July 23rd, 2019




The storm began as an innocent flutter beneath Dr. Cynthia Li’s breastbone. A new mother and a young doctor, she shrugged it off. Soon, insomnia, irritability, and rapid weight loss followed. She sought out a top-notch specialist who diagnosed her with postpartum thyroiditis, and took her medicines as prescribed. In a year’s time, her lab tests were normal. Though her symptoms persisted, she assumed she was cured. Her life continued as it always had: a world traveler, a wife to an active husband, a devoted doctor to the underserved.

Then during a pivotal family trip to Beijing, her life would change forever. While eating a twenty-mushroom special during lunch at a dumpling house, an intense pressure shot up her spine and gripped her head. Her heart rhythm snapped and thundered across her chest, and an extreme dizziness overtook her body. She felt like she was drowning into herself. Dr. Li lost consciousness and woke in an emergency room, to a body that wasn’t her own. She was overcome with constant vertigo, flu-like malaise, and a fatigue so deep she worried she couldn’t catch her next breath. As it turned out, this was the dramatic onset of chronic fatigue syndrome and dysautonomia (a mis-wiring of the autonomic nervous system that regulates everything from blood pressure to digestion to body temperature). Yet, test after test was normal.

“As an internist, I’d been trained that there is a distinct line between health and disease,” says Dr. Li. “This could be a lab result or a set of criteria. But being on the other side of the bedside, I saw how nothing was black-and-white. It was gray, gray, and more shades of gray. After seeking specialist after specialist and having all my tests fall ‘within the reference range,’ I felt betrayed by the objective numbers and methods I had once sworn by.”

Dr. Li found herself housebound for years following. Finding no real answers, she saw her illness strip her of her identity and voice, and strain her marriage down to the last threads. She vowed to get through this, for her two daughters, husband, and her life. Dr. Li asked herself one primary question to begin this new, transparent journey: How to get off the couch? 

Thus, Dr. Li launched her solo odyssey from her living room. She began digging into the root causes of chronic disease, asking, “What makes someone sick?,” “How do we reconcile uncertainty in medicine?,” and “What’s the difference between treating and healing?” She would rise off the couch, return to a fuller life, and practice medicine in a broader paradigm—drawing on cutting-edge science, ancient healing arts, and the power of intuition—what she had learned on her own journey.

In addition to her revelatory memoir, she compiles a how-to section to guide others on their path to wellness in her book, Brave New Medicine: A Doctor’s Unconventional Path to Healing Her Autoimmune Illness. 

Dr. Li is available for interviews to discuss the art and science of medicine, including such topics as:

  • What a brave new medicine looks like
  • Signs you might have an autoimmune disease, including thyroid, chronic fatigue, celiac disease, dysautonomia, insomnia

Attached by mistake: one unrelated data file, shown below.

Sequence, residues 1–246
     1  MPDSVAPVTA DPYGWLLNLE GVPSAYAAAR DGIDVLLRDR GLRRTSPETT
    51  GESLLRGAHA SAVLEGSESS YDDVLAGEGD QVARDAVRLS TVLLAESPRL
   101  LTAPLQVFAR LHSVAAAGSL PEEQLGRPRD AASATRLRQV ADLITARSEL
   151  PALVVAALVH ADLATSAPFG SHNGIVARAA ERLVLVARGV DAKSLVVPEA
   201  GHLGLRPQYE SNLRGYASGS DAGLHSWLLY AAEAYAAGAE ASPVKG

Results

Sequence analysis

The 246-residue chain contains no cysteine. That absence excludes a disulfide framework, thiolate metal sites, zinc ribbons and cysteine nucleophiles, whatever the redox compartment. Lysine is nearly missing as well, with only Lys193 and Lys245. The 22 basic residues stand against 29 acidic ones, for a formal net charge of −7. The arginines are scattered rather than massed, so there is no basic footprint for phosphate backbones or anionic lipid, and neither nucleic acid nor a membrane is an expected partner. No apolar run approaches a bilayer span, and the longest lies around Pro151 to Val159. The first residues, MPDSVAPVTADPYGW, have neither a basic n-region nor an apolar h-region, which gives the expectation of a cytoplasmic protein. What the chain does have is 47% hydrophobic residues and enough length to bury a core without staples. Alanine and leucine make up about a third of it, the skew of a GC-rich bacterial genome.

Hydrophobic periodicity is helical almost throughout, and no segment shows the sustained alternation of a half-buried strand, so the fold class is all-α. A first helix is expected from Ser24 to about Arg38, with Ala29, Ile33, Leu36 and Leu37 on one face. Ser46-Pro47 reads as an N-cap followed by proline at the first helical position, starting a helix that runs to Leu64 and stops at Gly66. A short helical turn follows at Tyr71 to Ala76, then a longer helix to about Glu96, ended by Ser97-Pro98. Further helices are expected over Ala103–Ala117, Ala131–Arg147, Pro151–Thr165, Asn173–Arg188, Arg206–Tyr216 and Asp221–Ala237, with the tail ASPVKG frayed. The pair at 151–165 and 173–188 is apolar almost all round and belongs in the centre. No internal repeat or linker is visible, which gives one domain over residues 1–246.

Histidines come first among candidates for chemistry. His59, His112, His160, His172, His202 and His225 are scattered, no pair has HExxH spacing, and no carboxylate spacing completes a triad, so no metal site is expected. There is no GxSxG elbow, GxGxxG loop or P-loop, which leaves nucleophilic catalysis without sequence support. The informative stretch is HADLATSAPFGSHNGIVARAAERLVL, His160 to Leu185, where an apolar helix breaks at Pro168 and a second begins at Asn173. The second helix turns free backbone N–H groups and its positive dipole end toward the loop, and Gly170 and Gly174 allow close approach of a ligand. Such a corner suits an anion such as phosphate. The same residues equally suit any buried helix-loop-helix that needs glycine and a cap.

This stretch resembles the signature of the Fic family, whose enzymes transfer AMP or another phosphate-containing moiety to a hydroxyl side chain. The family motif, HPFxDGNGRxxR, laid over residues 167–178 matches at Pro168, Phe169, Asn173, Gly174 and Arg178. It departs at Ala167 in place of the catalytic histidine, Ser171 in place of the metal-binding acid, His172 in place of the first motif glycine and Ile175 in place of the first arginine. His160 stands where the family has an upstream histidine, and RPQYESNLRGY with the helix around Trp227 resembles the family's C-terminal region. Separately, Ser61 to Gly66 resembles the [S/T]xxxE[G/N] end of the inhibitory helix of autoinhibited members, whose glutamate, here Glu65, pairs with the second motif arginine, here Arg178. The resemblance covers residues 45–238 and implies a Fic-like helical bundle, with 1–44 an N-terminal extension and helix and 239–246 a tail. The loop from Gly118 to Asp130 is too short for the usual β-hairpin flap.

• How having an autoimmune condition changed her way of relating to patients
  • 15 steps to healing: including detoxifying your house, healing your gut, resetting your inner clock, and finding your real story
  • Cutting-edge science: Epigenetics, neuroplasticity, and the microbiome
  • Addressing the root causes of illness—mind, body and spirit
  • Toughness vs. resilience as they relate to health and illness
  • Reframing the notion of “difficult patients” who can’t easily be diagnosed
  • The distinction between treating and healing
  • Factors contributing to doctor burnout (beyond mounting administrative duties, assembly-line medicine, insurance schemes)
  • The role of intuition in the gray areas of clinical medicine
  • Ancestral food and health
  • Spirituality and existential stress as a root cause of disease
  • Intimacy and sexuality in chronic illness
  • Qigong and why mind-body-spirit practices are an essential part of deeper healing
  • Narrative medicine: how writing heals
  • The controversy over the gluten-free diet (fad vs. science)
  • How childhood trauma can impact health later in life
  • Illness and identity: not to be confused!
  • Managing chronic illness and motherhood, particularly the postpartum period
  • Marriage and relationships with a chronic illness
  • When to consider using supplements versus medicines

CYNTHIA LI, MD graduated from The University of Texas Southwestern Medical Center, and has practiced internal medicine in settings as diverse as Kaiser Permanente Medical Center, San Francisco General Hospital, St. Anthony Medical Clinic for the homeless, and Doctors Without Borders in rural China. Her own health challenges led her to functional medicine, a paradigm that addresses the root causes of chronic conditions. She currently serves on the faculty of the Healer's Art Program at the University of California San Francisco School of Medicine, and has a private practice. She lives in Berkeley, CA with her husband and their two daughters.


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